Challenge number one in the east will be to make the Borders Railway into more than a joy ride for shoppers and tourists when it opens, but with the line and station capacity not in its gift that’s not easy.
• The National Transport Awards are organised by Transport Times magazine, published by none other than our old friend and former city transport supremo Professor David Begg. He not only chairs the judging but was until recently a non-executive director of ScotRail’s parent company, First Group. Small world, transport.
Edinburgh Airport and Lothian Buses just missed out on the top awards in their categories, with both being highly commended as runners-up to Heathrow Terminal 5 and Reading Buses respectively.
Get a move on
The penultimate act of the Craighouse drama has been played out with the Scottish Government refusing to re-examine the permission granted to the scheme by the city council.
SNP MSP Jim Eadie described the decision by his colleague Derek McKay as a “bad day for Edinburgh and a bad day for Scotland” because, he argued, if building is allowed on one of Edinburgh’s hills it will be allowed anywhere.
Except, of course, Craighouse has already been built on, extensively and recently, so this is hardly a green light to build on any open space.
Mr Eadie went on to criticise the council for not accepting what he described as a “robust case” put forward by local objectors for converting the old hospital buildings without the need for any new construction.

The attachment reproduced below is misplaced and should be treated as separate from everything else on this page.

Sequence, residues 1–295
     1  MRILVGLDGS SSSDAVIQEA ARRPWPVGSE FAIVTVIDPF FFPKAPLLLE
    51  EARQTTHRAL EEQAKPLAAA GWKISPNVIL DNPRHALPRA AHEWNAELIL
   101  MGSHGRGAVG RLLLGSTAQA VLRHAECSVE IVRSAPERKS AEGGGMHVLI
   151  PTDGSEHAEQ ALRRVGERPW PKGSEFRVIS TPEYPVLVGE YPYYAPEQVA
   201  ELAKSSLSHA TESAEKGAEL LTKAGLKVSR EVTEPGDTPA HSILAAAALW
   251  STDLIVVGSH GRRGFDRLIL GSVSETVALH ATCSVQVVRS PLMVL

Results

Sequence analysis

But the sketchy alternative had no detailed designs, costings or management plan so unless Mr Eadie saw a dossier which even now remains secret, on this occasion his idea of “robust” is, shall we say, open to interpretation.
Although there are still rumblings about community-buy-outs and judicial reviews, the last act is to get the approved scheme built as quickly as possible, and as the developers have said they could start the day after permission was granted, they should get a move on.
School places stumbling block for Miller
As one saga ends so another is about to begin, with views of locals now being sought about a new plan for 220 houses and an Aldi supermarket in Portobello.
Not everyone will be happy, but the old Scottish Power site at Baileyfield can’t lie dormant for ever. The signs are that this latest scheme might meet fewer objections than the last attempt because the supermarket is not on such a scale as to pose a significant threat to businesses on the High Street. And those businesses should benefit from the arrival of 220 new households.
Even if local objection is strong, there is still the headache of housing supply across the city and if plans for a disused industrial site fail then where else can the homes be built?
Over at Alnwickhill, there have been few objections to a similar number of houses proposed by Cala homes for the now defunct reservoir site, apart from one or two existing householders worried about being overlooked. That plan was approved this week so it would be something of a shock if the Baileyfield plan didn’t finally go through.
But at Gilmerton, rather than green belt issues, the cost of paying for school places is a significant stumbling block for a new Miller homes scheme. Such an experienced builder will accept that if local schools are full, they need to meet the cost of new places
It is estimated the education provision will add £20,000 to the price of each home, and balancing the asking price with likely demand so far out of town will be hard.